Maria, a social psychologist, has gone to great lengths to provide an authentic Greek Cypriot meal. The email with recipes solicited from her mother and grandmother is stuck to the fridge. For expert advice on the desert, galactoboureko, a visit was arranged to a local Cypriot matriarch. Maria's compatriot, Yiannis (at right), is helping out - the local matriarch is his auntie. In total, seven people will be enjoying this feast tonight, including Pascalis, a Greek friend who can help separate the typically Greek Cypriot from the plain Greek dishes.

We start off with pita and haloumi, a lovely cheese that is probably Cyprus' most famous export. Maria tells me her grandma prepares this every morning as breakfast for her grandfather.
In general, most Cypriots prefer to start the day with something a bit lighter, such as frappé.
Pascalis immediately informs us that this cold coffee beverage was invented at the International Trade Fair in Thessaloniki (in 1957). So now you know the origins of this famous frothy drink!
The main course consists of Makaroniatou Fournou (a pasta dish with bechamel sauce), and Ttavas, made with beef and tomatoes. Both are oven dishes and preferably cooked in an authentic mud oven in your back garden.
As we all dig in and enjoy the hearty fare accompanied by a feta salad, I try to find out more about Cyprus. For example, what drives the economy? "Tourism!", answers Maria, while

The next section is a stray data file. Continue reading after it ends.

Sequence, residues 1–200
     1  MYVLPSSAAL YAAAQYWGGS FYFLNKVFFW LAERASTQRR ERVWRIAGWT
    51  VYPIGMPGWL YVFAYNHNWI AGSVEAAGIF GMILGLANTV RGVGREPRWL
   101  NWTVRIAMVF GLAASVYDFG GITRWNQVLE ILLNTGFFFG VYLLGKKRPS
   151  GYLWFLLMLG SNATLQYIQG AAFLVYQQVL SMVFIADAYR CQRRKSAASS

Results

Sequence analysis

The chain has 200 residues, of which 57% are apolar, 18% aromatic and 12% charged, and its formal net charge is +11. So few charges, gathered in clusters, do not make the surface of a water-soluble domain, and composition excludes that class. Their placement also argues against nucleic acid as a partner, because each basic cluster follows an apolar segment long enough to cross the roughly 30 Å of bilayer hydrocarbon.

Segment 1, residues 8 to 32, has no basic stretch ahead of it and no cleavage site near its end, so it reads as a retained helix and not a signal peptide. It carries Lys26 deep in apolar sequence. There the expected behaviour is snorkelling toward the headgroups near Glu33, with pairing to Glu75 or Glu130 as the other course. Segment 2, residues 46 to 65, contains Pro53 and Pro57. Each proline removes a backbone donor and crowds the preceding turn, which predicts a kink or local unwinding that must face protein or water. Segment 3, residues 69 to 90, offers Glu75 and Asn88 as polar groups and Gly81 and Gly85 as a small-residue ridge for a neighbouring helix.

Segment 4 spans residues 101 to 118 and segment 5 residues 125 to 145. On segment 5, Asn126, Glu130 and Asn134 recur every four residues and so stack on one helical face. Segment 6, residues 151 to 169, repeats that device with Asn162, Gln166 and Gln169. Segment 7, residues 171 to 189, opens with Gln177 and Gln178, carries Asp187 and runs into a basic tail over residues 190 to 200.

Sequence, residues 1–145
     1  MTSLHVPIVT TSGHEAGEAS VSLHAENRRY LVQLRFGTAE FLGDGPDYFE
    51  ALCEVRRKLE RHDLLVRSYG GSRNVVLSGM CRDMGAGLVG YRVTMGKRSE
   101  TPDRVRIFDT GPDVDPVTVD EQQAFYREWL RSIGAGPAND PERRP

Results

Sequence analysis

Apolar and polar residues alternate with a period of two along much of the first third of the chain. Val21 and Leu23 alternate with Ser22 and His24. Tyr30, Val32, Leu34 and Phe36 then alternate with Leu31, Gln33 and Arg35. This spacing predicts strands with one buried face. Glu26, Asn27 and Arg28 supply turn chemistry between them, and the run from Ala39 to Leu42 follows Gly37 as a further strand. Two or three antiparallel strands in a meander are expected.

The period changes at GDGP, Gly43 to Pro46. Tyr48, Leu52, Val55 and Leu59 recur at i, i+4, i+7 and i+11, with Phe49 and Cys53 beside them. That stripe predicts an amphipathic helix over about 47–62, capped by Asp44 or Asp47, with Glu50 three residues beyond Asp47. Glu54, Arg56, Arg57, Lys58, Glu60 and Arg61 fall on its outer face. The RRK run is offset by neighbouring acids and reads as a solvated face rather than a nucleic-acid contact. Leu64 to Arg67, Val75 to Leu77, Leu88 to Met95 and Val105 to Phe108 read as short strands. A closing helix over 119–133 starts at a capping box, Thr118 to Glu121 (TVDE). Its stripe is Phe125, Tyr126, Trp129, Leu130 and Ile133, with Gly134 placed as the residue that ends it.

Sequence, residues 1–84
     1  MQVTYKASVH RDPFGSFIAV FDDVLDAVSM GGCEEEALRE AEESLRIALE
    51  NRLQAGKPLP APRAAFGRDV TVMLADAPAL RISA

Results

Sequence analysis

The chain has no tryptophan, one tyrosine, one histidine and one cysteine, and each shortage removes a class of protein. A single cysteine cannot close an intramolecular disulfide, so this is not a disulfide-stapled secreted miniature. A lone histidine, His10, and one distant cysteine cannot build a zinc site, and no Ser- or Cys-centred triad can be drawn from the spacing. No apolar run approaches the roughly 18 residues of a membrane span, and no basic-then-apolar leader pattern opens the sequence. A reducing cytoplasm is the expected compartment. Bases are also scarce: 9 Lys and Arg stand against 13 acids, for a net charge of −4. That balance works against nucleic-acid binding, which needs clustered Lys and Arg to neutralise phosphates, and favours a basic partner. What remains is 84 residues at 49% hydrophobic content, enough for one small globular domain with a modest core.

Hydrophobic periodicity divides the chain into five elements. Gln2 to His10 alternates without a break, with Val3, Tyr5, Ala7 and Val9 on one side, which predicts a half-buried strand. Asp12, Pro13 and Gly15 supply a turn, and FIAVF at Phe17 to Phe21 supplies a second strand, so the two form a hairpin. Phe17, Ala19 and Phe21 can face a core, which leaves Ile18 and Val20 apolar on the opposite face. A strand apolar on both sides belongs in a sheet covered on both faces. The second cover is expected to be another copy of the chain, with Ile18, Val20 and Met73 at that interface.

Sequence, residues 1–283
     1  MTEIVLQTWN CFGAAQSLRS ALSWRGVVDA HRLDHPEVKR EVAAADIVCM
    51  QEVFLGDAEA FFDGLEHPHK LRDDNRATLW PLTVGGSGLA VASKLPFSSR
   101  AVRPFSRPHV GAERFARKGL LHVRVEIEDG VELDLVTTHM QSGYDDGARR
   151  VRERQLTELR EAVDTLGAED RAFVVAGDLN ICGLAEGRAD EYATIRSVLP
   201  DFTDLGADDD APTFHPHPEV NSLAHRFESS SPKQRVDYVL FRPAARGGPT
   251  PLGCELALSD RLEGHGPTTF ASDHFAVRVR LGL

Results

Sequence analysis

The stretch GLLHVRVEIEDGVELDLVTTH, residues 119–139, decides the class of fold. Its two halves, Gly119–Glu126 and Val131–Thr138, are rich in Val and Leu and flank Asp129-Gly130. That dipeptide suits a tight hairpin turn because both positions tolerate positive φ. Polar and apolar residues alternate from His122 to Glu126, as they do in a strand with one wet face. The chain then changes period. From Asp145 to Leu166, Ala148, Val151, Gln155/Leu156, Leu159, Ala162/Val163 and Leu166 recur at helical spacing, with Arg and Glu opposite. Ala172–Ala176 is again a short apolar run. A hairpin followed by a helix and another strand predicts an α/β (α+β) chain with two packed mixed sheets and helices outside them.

Pascalis laughs: "Money laundering!"
Cyprus has been through a lot...Maria's synopsis is that it was ruled by the Ottoman empire who sold it to the British Empire in the late 19th century. In 1960, Cyprus gained independence after a number of years of protest against the British rule.
The first president was an archbishop and remained in power for 17 years! For some reason, the second candidate was a psychiatrist... and since early 2008 the government is leftist.
But Cyprus is most well know for the division between Greek and Turkish territory. Maria has been to the Turkish part quite often, but Yiannis never has. He does feel it is part of 'his country'. Though the situation is far from ideal, it is relatively peaceful, with no fighting or terrorism, and according to Maria, many people are alright with the current status quo.
Besides the locals, Cyprus has seen an influx of British expats who enjoy the climate and the relatively cheap property.
As well, I am told there are now quite a few "Russian artists". This is a polite euphemism for even a Polish hooker would be referred to as a "Russian artist"!